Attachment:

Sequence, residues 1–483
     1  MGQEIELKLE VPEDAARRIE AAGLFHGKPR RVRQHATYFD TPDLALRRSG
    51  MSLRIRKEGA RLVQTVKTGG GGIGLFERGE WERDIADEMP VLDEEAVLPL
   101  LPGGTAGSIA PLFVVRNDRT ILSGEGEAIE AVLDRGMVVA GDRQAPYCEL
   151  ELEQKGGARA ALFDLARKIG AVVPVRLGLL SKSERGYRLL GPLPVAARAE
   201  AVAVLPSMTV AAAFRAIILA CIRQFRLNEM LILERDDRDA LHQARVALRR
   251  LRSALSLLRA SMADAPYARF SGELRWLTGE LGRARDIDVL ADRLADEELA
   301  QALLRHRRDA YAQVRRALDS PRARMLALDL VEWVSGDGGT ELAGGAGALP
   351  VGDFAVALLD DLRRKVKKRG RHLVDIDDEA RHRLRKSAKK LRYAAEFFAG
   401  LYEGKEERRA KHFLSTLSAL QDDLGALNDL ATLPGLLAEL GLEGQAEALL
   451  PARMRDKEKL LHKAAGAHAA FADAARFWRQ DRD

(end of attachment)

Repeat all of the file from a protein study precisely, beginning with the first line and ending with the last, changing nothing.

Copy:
Sequence, residues 1–483
     1  MGQEIELKLE VPEDAARRIE AAGLFHGKPR RVRQHATYFD TPDLALRRSG
    51  MSLRIRKEGA RLVQTVKTGG GGIGLFERGE WERDIADEMP VLDEEAVLPL
   101  LPGGTAGSIA PLFVVRNDRT ILSGEGEAIE AVLDRGMVVA GDRQAPYCEL
   151  ELEQKGGARA ALFDLARKIG AVVPVRLGLL SKSERGYRLL GPLPVAARAE
   201  AVAVLPSMTV AAAFRAIILA CIRQFRLNEM LILERDDRDA LHQARVALRR
   251  LRSALSLLRA SMADAPYARF SGELRWLTGE LGRARDIDVL ADRLADEELA
   301  QALLRHRRDA YAQVRRALDS PRARMLALDL VEWVSGDGGT ELAGGAGALP
   351  VGDFAVALLD DLRRKVKKRG RHLVDIDDEA RHRLRKSAKK LRYAAEFFAG
   401  LYEGKEERRA KHFLSTLSAL QDDLGALNDL ATLPGLLAEL GLEGQAEALL
   451  PARMRDKEKL LHKAAGAHAA FADAARFWRQ DRD